Hannah Rundam firstname.lastname@example.org
One of the University of Wisconsin-Stevens Point’s cello players Anna Huemann, a senior Instrumental and General Music Education Major, is breaking ground as the first string player to direct Concert Band.
“I never thought I would have the privilege of conducting the Concert Band because I am a string player, and everyone before me had been in band,” Huemann said.
Though no one prior to Huemann has directed Concert Band, string players have conducted the Campus Band after playing a secondary instrument in the ensemble.
“I was not a member so I didn’t think that would be an option,” Huemann said.
Undergraduate instrumental students have been involved in conducting UWSP’s Campus Band, Concert Band, Wind Ensemble, and Jazz Band since Brendan Caldwell, Assistant Professor and Director of Bands, developed the Apprentice Conducting program in 2007.
Although very few universities in the country allow for undergraduate conducting, Professor Caldwell’s experience in college compelled him to create such a program.
“As an undergraduate, I really wanted to conduct, but it was not made possible for me,” Caldwell said. “I seek to give my students as many opportunities as their professionalism justifies. Hopefully, the Apprentice Conducting Program will eventually extend to all of our musical ensembles.”
Directing a UWSP musical ensemble is an accomplishment and privilege for any young musical professional.
“We watch the students very closely in Conducting and Music Education classes,” Caldwell said. “Frankly, we’re looking for someone who doesn’t look like a student. Anyone who looks like a professional, we try to give them the opportunity for a professional experience.”
Students that show the most professionalism get the opportunity to work with Music Major groups like the Concert Band and the Wind Ensemble.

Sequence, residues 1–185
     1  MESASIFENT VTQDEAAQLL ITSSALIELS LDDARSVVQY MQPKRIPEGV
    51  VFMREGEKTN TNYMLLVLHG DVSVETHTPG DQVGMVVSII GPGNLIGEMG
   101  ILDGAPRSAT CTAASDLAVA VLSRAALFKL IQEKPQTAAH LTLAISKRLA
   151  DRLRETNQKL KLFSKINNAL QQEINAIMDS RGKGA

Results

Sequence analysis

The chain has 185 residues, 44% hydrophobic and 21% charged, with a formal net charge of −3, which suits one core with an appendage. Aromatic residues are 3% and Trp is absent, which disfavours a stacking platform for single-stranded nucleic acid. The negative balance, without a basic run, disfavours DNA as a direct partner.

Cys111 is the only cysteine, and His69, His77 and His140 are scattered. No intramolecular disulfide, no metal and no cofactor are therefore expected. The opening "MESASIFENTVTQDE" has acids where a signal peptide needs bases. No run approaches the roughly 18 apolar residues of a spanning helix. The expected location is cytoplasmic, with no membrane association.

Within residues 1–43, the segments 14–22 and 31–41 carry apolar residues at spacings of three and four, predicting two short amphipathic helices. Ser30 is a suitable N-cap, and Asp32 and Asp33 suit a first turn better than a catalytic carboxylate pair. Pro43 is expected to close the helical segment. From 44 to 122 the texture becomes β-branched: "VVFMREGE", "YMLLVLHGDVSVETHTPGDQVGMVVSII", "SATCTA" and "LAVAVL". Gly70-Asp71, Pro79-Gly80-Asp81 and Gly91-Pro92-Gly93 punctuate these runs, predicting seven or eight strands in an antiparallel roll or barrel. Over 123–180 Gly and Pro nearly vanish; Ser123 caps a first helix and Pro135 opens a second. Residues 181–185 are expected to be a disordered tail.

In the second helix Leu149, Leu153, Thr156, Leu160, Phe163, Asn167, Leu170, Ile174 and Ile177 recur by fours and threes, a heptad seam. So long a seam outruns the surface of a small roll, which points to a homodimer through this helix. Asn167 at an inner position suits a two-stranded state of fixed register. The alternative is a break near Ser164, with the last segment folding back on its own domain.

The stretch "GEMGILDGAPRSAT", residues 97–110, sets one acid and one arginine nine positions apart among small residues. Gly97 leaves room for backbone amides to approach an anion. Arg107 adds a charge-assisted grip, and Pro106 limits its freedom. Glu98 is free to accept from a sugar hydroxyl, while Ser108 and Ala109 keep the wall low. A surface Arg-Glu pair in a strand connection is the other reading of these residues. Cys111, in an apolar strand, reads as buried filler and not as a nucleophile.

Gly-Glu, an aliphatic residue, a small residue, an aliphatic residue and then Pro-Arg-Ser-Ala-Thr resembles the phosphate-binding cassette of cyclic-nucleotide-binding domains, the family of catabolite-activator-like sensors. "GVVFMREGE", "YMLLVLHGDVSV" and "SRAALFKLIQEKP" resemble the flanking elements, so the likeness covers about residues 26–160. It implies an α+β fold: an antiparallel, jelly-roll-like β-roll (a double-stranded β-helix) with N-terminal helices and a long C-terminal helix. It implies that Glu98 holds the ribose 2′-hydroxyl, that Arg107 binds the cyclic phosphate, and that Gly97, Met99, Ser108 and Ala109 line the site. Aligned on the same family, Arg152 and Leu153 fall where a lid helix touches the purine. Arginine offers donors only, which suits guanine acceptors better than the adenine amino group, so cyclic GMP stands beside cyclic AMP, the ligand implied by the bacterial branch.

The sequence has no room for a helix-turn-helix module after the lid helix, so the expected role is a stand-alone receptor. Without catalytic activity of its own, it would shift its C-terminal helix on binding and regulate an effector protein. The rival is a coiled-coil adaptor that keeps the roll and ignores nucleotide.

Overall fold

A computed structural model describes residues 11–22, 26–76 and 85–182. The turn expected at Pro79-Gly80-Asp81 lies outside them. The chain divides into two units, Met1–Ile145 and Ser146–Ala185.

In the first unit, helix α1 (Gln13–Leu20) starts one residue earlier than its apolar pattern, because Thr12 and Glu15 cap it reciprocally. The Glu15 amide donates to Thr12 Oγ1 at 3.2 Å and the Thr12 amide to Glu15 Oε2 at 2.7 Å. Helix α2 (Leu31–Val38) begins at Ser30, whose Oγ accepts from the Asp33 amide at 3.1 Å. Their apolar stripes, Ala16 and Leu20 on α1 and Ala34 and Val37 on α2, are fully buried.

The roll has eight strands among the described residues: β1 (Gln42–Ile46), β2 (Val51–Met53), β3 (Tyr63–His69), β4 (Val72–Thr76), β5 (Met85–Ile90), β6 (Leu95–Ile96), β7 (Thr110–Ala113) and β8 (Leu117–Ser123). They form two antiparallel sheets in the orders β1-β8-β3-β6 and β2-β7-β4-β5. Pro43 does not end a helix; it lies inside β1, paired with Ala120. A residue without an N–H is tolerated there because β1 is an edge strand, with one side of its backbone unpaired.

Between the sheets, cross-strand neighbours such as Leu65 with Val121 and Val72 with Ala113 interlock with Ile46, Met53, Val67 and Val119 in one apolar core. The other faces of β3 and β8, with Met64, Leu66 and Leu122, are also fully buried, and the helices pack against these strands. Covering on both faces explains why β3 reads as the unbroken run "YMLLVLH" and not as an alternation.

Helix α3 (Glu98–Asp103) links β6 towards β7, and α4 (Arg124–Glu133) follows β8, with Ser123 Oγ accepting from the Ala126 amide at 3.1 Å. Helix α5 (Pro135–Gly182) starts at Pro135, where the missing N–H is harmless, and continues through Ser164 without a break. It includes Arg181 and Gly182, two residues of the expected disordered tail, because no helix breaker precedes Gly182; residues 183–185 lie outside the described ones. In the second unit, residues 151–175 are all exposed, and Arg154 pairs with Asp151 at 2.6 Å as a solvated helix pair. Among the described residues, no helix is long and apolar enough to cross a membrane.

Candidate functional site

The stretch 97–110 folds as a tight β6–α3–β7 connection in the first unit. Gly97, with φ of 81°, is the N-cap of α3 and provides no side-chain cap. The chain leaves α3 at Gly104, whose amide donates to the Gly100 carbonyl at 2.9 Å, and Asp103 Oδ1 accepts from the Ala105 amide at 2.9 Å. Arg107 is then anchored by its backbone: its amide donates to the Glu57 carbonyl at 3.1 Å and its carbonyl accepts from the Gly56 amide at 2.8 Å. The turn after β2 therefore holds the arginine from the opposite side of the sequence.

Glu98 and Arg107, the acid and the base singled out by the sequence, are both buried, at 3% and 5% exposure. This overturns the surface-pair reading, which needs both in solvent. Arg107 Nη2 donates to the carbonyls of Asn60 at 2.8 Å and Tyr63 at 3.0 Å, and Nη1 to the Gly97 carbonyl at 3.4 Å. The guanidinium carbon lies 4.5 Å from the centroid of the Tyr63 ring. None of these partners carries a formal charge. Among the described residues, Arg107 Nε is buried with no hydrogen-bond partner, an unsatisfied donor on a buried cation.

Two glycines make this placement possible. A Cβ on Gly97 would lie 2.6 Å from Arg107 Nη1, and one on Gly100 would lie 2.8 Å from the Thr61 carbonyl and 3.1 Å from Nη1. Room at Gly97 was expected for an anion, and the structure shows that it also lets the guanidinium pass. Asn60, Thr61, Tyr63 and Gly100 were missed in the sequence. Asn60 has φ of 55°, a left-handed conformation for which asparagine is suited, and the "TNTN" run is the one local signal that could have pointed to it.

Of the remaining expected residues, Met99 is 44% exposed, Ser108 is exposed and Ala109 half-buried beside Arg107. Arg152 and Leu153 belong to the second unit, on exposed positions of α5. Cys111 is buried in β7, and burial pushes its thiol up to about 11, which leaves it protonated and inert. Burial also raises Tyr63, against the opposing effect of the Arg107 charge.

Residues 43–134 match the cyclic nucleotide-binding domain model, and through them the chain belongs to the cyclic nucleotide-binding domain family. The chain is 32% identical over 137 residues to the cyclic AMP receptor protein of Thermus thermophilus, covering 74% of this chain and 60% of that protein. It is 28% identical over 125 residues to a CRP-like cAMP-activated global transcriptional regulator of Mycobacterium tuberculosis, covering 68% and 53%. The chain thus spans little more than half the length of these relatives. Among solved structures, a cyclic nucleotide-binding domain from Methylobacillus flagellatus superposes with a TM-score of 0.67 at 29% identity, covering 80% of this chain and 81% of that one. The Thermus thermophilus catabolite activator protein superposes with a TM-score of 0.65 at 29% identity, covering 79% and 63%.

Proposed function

“Anna is really professional and a solid musician. She has strength of character, and a state of fearlessness,” said Caldwell.
Once selected, students must chose three pieces of music that they would love to work on with the band. Professor Caldwell makes the final decision.
“I tell them to make their love equal for each piece, so they will be excited about whatever I choose,” Caldwell said.
Huemann’s piece Mazama represents cultural and musical elements of the Mazama Indians from the Pacific Northwest.
“I fell in love with Mazama right away, and was so excited about how unique it is,” Huemann said.
After the piece is chosen, the apprentice conductors must memorize the various parts and sing what is called a skeleton score from beginning to end.
“I started with listening to the piece over and over,” Huemann said. “Since you can’t sing all the parts at once, I focused on the melody line first, and then important entrances or the percussion instruments.”
Despite saying that the sing-through was the most challenging part of the process, Huemann did very well.
“Usually students don’t do the whole thing the first time, but Anna was able to,” said Caldwell.
Huemann began working with the Concert Band in mid-March and is nearing the end of rehearsals.
She will be leading Concert Band in Mazama at 7:30 p.m. on Tuesday, April 23 in Michelsen Hall in the Noel Fine Arts Center.
The concert will feature both the Concert Band and the Wind Ensemble. Student tickets are available for $3 or free with a valid student I.D. the day of the concert.